Archive for April, 2019

Waiting on the weather ;-) Druridge Bay Safari 26/04/19

by on Apr.27, 2019, under Druridge Bay

As I arrived in Newbiggin to collect Sue, Nick, Mandy and Ian for an afternoon and evening around Druridge Bay and southeast Northumberland the sea was looking much calmer than it had done on Wednesday, but the sky was ominous and the forecast more so…

We started with a couple of riverside walks through woodland dripping with bird song. As Blackbirds and a Mistle Thrush fed in open grassland and Chiffchaff, Song Thrush, Chaffinch, Goldcrest and Robin sang from exposed, and not-so-exposed, perches, Grey Wagtails were flycatching from rocks in the fast flowing water and a pair of Dippers were taking food to their nest. Cormorants were perched on dead trees mid-river, Canada Geese were fighting and calling, Gadwall were dabbling serenely and a Grey Heron stalked patiently along the water’s edge in the shadow of the trees as the forecast weather seemed to have arrived, with cold rain driven on a southerly breeze making viewing a challenge.

The rain soon eased though and on the coast Mandy spotted a Barn Owl perched on a fence post, sheltered from the wind. It left it’s perch and was soon offering very obliging views as it quartered and hovered over rough grassland as a Meadow Pipit perched on a wall nearby and a handsome male Wheatear hopped along the track ahead of us. Avocets, Lapwings, Oystercatchers, Redshanks and a lone Curlew were standing in the shallows as Bar-tailed Godwits probed incessantly in the mud while wading belly deep in the wind-ruffled water and three Grey Herons did that very heron thing of flying around after each other rather than just accepting that there’s plenty of space for everyone to hunt in.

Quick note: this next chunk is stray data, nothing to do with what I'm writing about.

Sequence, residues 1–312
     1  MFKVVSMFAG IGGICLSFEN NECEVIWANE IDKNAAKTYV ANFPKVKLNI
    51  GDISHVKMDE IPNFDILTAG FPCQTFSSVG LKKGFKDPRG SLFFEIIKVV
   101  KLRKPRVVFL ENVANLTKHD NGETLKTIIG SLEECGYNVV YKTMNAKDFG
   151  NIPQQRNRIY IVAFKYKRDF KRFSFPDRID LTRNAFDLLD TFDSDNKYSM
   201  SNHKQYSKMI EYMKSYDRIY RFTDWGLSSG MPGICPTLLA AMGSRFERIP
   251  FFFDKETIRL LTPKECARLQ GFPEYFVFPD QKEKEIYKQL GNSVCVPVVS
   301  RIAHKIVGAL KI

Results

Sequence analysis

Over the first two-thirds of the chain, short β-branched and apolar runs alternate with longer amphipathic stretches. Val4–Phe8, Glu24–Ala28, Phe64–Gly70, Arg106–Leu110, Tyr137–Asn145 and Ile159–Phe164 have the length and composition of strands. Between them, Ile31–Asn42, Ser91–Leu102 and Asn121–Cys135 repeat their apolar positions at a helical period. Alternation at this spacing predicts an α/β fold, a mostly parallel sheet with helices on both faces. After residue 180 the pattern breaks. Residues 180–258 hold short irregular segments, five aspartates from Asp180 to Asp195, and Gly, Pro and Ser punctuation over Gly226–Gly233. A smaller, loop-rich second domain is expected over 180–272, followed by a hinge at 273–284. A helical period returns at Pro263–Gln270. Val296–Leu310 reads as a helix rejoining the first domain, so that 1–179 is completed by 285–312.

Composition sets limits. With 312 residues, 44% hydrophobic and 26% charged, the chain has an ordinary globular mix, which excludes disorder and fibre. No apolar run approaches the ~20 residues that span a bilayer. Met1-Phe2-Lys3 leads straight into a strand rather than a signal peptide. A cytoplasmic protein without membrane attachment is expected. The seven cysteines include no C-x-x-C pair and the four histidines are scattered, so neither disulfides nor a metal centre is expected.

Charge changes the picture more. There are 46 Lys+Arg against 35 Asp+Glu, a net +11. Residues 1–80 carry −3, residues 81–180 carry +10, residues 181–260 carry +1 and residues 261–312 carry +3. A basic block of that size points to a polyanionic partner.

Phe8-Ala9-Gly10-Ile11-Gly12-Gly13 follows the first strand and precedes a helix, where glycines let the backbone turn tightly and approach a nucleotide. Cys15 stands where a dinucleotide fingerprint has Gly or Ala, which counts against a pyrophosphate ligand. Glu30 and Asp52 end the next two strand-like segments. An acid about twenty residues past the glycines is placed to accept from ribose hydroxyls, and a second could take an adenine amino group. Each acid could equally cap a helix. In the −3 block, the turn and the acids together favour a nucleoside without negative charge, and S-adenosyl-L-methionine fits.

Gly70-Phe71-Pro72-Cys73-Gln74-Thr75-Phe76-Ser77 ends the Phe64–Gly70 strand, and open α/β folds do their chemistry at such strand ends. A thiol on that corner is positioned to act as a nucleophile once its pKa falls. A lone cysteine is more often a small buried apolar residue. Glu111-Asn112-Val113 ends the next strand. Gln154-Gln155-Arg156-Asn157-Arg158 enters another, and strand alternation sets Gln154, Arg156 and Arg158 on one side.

After an afternoon of what seemed like permanent dusk, light levels did start to dip towards darkness as a female Marsh Harrier quartered a roadside field, a Sparrowhawk hedge-hopped over the road in front of us, Pheasants and a Red-legged Partridge took their chances crossing the road, a Brown Hare loped away along tractor tracks through deep cover, a Roe Deer raced backwards and forwards through long grass and Coot, Moorhen, Tufted Duck, Gadwall, Teal, Mallard, Pochard, Great Crested and Little Grebe and Mute Swan were all on the water as the squealing of a Water Rail cut through the gloom before we headed back towards civilisation πŸ™‚

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Misty, murky :-) Druridge Bay Safari 24/04/19

by on Apr.25, 2019, under Druridge Bay

As I collected Patrick and Susan from Newbiggin for an afternoon and evening exploring NEWT’s local patch, Druridge Bay and southeast Northumberland, there were some impressive waves breaking in the bay…

A flock of Black-headed Gulls were pestering a Grey Heron that flew off, voicing its disapproval, and then they turned their attentions to a female Red-breasted Merganser who had to surface and dive in quick succession to avoid their attentions as a Curlew probed the mud along the water’s edge, Cormorants sat sentinel-like on dead trees mid-river and a handsome Grey Wagtail had taken an unusual perch on a folding chair πŸ˜‰ Robin, Chaffinch, Blackcap, Chiffchaff and Blackbird were all singing and a song-flighting Whitethroat settled in a spot where we could see him through the branches as a charm of Goldfinches landed in a small tree nearby.